- ISO 9001 requirements should include demonstration of continuous improvement and prevention of non-conformity.
- The revised standards should be simple to use, easy to understand, and use clear language and terminology.
- The revised standards should be suitable for all sizes of organisations, operating in any economic or industrial sector, and the manufacturing orientation of the current standards should be removed.
In the same year, 1997, TC176 also issued a document entitled "Quality Management Principles and Guidelines on their Application: (ref. ISO/TC176/SC 2/N130).
Whilst the 1994 standard were not developed on the basis of this Quality Management Principles (QMP) there are of course aspects of the standard, which addresses some of their requirements. The 2000 standard have been developed from the Quality Management Plans and the chart below shows how the changes between 1994 and 2000 move the standard closer to the requirements of the technical specification.
WHY ISO/TS 16949:2002? : -
- Want to export.
- Build technical competence
- Provide confidence to customers.
- Reduce wasted efforts and resources.
- Pathway to Total Quality Management.
- Remove inter-departmental hassles.
- Assure Top Management commitment and involvement.
- Involves all functions, all departments at all levels.
- Disciplined way of working.
- Structure Quality Management to needs.
- Preventive, rather than curative.
- Strategic business tool.
- Enhances return on investment.
- Want to supply in automobile industries like general motors, ford etc.
WHY NOT ISO/TS 16949:2002 (FOR WHOM ISO/TS 16949:2002 IS NOT USEFUL TOOL): -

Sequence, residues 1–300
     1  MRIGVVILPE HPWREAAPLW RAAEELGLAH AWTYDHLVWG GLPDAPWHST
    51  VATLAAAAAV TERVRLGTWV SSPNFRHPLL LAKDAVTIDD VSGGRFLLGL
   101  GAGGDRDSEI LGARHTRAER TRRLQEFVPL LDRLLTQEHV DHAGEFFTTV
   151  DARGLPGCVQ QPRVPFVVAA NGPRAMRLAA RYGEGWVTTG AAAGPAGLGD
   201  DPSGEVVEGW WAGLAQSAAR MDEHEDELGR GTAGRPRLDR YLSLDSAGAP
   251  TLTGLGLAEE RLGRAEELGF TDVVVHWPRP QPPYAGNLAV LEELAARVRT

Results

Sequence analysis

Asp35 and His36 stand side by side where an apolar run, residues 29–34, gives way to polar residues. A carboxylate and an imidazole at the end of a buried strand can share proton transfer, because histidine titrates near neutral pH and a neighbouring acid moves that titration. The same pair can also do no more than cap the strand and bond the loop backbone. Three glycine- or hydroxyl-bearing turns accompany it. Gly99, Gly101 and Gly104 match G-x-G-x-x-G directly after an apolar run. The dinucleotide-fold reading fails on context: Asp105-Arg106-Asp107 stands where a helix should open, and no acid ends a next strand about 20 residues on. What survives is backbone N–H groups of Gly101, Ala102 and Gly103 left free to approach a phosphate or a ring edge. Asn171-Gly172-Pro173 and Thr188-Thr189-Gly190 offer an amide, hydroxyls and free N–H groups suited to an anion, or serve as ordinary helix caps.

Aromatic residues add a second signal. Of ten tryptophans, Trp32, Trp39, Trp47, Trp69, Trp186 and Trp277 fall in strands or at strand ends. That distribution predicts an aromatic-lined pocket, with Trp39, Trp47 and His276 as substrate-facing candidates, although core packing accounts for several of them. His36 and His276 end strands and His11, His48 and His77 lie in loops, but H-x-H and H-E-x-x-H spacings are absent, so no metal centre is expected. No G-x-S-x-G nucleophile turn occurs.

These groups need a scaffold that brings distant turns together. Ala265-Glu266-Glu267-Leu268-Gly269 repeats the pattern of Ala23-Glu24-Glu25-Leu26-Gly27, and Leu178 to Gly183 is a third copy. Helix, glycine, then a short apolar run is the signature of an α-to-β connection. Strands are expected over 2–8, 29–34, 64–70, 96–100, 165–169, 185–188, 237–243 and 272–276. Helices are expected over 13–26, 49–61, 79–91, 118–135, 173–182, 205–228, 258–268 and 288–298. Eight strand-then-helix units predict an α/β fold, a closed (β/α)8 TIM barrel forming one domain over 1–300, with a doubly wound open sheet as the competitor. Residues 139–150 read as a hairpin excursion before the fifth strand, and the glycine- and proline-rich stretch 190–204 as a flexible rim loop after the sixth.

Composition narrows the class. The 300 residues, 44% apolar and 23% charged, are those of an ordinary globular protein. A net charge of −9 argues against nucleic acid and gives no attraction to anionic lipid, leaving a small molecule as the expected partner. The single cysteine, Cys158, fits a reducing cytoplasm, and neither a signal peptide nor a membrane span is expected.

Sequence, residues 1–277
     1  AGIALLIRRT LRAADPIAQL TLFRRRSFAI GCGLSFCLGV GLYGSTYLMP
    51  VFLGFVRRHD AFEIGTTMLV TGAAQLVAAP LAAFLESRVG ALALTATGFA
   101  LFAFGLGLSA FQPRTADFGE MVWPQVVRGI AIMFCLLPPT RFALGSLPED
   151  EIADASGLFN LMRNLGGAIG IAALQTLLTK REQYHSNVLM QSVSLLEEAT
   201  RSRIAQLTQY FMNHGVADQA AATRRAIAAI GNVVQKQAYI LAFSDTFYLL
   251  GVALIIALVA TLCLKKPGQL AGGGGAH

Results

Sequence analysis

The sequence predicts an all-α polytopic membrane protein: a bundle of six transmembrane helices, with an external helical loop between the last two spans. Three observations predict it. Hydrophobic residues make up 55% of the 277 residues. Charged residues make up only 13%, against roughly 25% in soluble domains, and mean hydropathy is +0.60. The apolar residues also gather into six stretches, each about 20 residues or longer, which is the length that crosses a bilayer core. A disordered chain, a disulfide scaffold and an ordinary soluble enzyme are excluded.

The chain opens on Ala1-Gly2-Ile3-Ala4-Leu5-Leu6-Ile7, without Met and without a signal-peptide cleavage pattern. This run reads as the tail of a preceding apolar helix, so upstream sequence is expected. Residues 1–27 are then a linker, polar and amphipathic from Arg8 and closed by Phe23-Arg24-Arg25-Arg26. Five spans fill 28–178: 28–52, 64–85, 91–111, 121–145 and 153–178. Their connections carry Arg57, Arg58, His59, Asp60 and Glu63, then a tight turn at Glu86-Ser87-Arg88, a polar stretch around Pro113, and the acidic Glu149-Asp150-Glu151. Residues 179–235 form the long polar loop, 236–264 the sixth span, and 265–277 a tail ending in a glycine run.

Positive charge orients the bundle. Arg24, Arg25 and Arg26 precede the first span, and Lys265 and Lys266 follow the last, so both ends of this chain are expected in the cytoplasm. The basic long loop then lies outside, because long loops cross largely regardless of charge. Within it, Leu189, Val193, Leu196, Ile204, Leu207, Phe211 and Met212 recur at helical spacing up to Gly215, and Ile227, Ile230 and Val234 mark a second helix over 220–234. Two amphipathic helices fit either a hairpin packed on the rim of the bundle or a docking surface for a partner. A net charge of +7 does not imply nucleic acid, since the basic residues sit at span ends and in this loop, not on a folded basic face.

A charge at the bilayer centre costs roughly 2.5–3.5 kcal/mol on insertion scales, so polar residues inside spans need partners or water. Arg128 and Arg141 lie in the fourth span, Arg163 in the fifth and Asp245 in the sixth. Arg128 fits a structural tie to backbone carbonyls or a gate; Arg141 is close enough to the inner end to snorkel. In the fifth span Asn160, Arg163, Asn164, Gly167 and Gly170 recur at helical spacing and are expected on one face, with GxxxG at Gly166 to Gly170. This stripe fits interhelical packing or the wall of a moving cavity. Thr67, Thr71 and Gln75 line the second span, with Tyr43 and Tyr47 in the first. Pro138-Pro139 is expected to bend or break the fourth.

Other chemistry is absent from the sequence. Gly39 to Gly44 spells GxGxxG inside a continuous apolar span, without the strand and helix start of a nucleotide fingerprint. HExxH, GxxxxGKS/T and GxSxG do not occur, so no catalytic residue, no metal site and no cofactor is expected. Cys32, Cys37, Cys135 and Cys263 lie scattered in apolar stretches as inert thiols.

- Do not want to spend money.
- Monopoly supplier.
- Do not want to export.
- Customers do not care.
- Unlimited resources.
- Do not believe in involving people.
- Do not want to train employees.
- Enjoy fire fighting and quick fixes.
- Believe - Quality does not pay.
- Do not want to commit anything on paper.
- Expect miracles to overcome challenge.
- Have other sources of income and don't want to grow.
ISO/TS 16949:2002 DOCUMENTATION: -
The total documentation for a comprehensive quality system under ISO/TS 16949:2002 can be represented by the four-tier system in a pyramid shown in the figure -1
- Quality Manual: - It states the Quality Policy and describes the macro level Quality system including details for how the standard requirements are fulfilled in the company.
- Quality Procedures: - It is normally called as middle management hand book and describes department activity for a system approach to supply consistent Quality Product. They are considered to be the core of the system documentation and confidential documents. They describe how the tasks and functions of the various departments should be performed to meet the requirements of the ISO/TS 16949:2002 standard and the Quality Policy of the company.
- Work Instructions / Control Plan / Processes / Operating Procedure: - These documents are required for the operators and Quality control test method where the absence of such documents affects Quality.
- Quality Records, Forms: - Forms, records etc. are supporting documents used by the company to record information for different procedures followed.
Source : http://www.globalmanagergroup.com/iso-ts-16949-documents-procedure-manuals-checklist.htm